0

DK school dictionary says "asleep" in to fall asleep is an adverb.

Yet, according to https://dictionary.cambridge.org/dictionary/english/asleep

"Asleep" in to fall asleep is an adjective.

To the best of my knowledge, the "fall" is a linking verb which requires a predicative complement. It seems that DK school dictionary made an error. Isn't it?

1
  • People can also "fall pregnant"; that supports the linking verb + adjective answer.
    – user134816
    Apr 22, 2021 at 22:22

1 Answer 1

1

I think the Cambridge online dictionary is wrong in this case; it actually is an adverb when used with the verb “fall”. “Asleep” means “into a state of sleep” when it’s part of the phrase “fall asleep.”

See: https://www.merriam-webster.com/dictionary/asleep

3
  • Could it be that American lexicographers differ fron British lexicographers? Oxford says that's an adjective. source:en.oxforddictionaries.com/definition/asleep Macmillan says that's an adjective source:macmillandictionary.com/dictionary/british/asleep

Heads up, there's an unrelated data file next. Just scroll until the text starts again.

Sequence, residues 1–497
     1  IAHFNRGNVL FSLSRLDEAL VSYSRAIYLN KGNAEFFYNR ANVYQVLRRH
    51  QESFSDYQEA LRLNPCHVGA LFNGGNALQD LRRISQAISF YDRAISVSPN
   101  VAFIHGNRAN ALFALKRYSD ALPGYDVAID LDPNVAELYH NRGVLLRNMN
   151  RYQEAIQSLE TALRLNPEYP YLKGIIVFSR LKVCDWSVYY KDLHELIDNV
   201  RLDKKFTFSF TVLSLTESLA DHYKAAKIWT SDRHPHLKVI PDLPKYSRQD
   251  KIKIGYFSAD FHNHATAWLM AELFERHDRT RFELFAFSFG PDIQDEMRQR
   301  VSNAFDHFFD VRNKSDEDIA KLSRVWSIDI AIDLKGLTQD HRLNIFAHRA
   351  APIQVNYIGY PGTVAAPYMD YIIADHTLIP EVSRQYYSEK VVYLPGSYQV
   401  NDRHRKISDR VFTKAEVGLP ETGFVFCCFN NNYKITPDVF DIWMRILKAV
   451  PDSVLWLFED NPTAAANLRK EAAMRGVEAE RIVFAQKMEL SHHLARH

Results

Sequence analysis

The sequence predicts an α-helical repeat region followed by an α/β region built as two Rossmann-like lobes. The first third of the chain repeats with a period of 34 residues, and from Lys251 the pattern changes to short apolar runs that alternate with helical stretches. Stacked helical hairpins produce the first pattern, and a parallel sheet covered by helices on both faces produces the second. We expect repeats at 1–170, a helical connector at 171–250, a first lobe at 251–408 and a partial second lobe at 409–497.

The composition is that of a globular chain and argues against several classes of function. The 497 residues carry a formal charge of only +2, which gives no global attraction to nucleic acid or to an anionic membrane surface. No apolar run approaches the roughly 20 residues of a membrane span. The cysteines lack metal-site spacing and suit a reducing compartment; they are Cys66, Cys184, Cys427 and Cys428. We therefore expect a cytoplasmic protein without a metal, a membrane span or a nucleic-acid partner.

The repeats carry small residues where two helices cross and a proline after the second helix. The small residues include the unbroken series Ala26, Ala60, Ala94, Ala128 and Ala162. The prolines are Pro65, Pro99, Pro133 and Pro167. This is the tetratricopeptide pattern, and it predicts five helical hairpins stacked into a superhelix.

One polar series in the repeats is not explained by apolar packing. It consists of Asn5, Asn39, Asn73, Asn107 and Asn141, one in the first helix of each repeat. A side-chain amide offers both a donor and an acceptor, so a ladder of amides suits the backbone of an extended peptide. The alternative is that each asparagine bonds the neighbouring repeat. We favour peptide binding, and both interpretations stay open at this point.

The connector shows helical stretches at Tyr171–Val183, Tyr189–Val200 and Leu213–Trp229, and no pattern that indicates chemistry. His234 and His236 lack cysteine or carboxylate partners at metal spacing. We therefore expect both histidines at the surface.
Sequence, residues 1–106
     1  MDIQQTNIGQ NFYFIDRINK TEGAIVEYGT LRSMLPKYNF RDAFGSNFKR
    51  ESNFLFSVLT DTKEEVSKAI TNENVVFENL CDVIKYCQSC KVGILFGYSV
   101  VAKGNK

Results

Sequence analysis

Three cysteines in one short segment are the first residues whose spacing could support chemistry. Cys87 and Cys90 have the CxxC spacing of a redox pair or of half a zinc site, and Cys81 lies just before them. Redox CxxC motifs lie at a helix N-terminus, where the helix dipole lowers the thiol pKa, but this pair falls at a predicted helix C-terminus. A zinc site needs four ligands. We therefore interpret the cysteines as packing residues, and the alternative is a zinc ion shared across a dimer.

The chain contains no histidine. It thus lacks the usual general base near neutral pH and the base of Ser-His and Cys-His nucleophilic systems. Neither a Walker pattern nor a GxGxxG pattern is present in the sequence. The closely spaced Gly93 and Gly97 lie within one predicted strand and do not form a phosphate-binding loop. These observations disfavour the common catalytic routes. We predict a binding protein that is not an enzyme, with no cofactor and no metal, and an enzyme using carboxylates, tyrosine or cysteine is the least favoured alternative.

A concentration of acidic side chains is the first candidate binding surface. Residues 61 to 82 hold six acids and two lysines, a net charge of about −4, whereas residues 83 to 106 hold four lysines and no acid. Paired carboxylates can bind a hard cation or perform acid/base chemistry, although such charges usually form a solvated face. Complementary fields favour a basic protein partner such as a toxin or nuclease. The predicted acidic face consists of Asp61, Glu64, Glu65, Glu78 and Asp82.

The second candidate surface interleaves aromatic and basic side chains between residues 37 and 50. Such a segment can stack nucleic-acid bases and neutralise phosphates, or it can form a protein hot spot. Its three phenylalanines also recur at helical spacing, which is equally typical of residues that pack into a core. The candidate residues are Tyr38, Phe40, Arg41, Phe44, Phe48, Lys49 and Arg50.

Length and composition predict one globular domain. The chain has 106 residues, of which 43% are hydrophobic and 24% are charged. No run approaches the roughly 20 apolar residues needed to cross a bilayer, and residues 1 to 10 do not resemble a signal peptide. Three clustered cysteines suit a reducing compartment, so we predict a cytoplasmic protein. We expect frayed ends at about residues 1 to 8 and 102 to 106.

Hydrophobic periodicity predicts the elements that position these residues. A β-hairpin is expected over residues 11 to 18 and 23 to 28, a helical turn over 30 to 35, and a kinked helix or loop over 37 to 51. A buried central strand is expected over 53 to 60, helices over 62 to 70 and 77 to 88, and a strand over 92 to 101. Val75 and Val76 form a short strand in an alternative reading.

– JYJ
    Feb 12, 2019 at 4:59
  • 1
    That’s certainly possible. I can also see it making sense as an adjective. In the phrase “to become asleep” (if anyone would actually say that), “asleep” definitely seems like an adjective to me. “To fall asleep” is more ambiguous. Where was the DK dictionary published?
    – Mixolydian
    Feb 12, 2019 at 5:05
  • 1
    "To fall asleep" is like "to become angry", "to grow weary", or even "to fall ill". "Asleep", "angry", "weary", and "ill" are adjectives in these examples. I think you are correct about "to fall" being a linking verb, at least in the context of "falling asleep". "To become", and "to grow" are also linking verbs in these examples. (US and British style.)
    – Lorel C.
    Feb 12, 2019 at 5:18

You must log in to answer this question.

Not the answer you're looking for? Browse other questions tagged .